Alaskans and their environment are still suffering from the 1989 Exxon Valdez oil spill. The Gulf of Mexico and the communities along its shore are just beginning to feel the impact of the spill. As Democracy NOW! reported May 27, BP remain indifferent to worker safety (as it was before the initial explosion. ) BP is demanding respirators NOT be worn by clean-up workers. Any who do will be fired. BP continues to try to minimize the public relations impact of their oil spill.

In an act of supreme hypocrisy, Republicans wasted little time trying to score political points, by calling the Gulf spill Obama’s Katrina. Even a broken clock is correct twice a day, but, the “Drill, baby, drill” folks have no leg to stand on this time. Since George W. Bush and Dick Cheney were both oil men who undermined all science-based environmental protections on their watch, Republicans should finally join the fact-based community.

Now, would be a good time for a clean environment and holding criminal corporations accountable to become bi-partisan positions.

President Obama campaigned on creating a “green economy.” As president, he lifted the oil drilling ban, ended the nuclear plant moratorium, and supported Big Coal. As with so many issues, Obama’s words and actions go in opposite directions.

Obama supporters have shown cognitive dissonance when it comes to the president’s corporate-friendly policies. That must now give way to a demand for accountability and action. It’s time for libewrals’ excuse-making to end. The BP oil disaster exposes bi-partisan government collusion with corporate greed. It shows that workers have been treated as expendable when it comes to health and safety. Corporate profits thruogh extractive degradation of our environment, from coal and oil drilling gets bi-partisan protection. Democrats have differed from Republicans in their campaign rhetoric, but, the betrayal has been bipartisan.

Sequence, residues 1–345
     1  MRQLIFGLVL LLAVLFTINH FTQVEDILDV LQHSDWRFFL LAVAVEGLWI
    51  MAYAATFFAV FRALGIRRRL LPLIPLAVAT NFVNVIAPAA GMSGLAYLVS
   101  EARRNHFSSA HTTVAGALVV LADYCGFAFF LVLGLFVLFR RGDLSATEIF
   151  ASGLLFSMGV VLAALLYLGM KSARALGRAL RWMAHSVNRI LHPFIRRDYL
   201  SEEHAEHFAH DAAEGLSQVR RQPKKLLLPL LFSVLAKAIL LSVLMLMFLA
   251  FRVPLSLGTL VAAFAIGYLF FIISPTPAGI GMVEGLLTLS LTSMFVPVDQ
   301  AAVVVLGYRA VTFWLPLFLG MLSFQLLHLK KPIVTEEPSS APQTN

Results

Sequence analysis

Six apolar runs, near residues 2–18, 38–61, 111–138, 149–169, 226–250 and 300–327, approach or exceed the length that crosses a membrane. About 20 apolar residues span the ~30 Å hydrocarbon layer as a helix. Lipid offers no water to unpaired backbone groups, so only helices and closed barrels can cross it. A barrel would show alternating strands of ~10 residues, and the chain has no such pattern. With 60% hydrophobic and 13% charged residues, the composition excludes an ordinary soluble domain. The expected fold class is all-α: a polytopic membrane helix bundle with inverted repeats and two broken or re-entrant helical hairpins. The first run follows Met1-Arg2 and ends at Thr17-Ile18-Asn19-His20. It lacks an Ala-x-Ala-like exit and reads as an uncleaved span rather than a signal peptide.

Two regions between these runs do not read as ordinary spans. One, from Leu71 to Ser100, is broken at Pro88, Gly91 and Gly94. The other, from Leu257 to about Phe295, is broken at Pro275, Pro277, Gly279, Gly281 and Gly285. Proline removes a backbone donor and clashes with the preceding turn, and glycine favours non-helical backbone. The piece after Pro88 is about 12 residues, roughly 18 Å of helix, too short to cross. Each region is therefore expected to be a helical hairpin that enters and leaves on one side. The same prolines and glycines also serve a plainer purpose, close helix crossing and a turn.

What we are witnessing in the Gulf of Mexico must be a wake-up call for all of us. The time of cheap gas and squandering our environment is over.

When asked if she’d boycott BP, a woman interviewed by CNN said, “It’s the gas station closest to my house, so…..No.”

ITalk about lame. But, let’s face it, self-indulgence is a hallmark of American culture. If we want to expect more from our elected officials, we’re going to have expect more from ourselves, too. If we want real change, we’re going to have to exercise the political pressure that is the only thing that’s ever makes change happen. What happens in the aftermath of the worst environmental disaster in U.S. history will reveal the content of Barack Obama’s character — and our own — as clearly as BP’s criminality has already been exposed for all to see.

Lydia Howell

Lydia Howell is an independent journalist in Minneapolis, winner of the 2007 Premack Aard for Public Interest Journalism, and producer/host of “Catalyst:politics & culture” on KFAI Radio.

Published by the LA Progressive on May 28, 2010